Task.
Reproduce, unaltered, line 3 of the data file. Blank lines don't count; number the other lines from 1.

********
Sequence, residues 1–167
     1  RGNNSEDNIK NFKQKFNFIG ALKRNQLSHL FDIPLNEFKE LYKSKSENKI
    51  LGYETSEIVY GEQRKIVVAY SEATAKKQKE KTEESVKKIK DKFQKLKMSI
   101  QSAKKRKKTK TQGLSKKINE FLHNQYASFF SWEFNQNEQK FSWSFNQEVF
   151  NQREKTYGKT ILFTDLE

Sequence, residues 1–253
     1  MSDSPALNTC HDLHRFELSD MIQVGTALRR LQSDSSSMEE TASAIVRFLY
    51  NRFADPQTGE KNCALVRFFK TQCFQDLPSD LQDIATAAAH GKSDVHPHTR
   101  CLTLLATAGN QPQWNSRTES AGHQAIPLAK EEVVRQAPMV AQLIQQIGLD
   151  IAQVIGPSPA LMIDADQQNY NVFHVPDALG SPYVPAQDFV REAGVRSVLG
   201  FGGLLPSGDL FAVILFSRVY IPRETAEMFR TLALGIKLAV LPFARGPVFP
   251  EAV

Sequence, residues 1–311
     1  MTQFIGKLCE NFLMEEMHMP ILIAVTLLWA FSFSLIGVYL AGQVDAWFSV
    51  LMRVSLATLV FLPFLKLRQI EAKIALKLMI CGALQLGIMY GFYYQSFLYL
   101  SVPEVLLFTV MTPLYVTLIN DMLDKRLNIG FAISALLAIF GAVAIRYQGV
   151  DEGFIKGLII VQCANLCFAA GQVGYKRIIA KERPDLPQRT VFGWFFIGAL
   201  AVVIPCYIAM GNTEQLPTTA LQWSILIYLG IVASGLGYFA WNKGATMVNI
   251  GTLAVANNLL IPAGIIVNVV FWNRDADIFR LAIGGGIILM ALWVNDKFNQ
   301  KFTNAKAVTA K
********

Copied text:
    51  LGYETSEIVY GEQRKIVVAY SEATAKKQKE KTEESVKKIK DKFQKLKMSI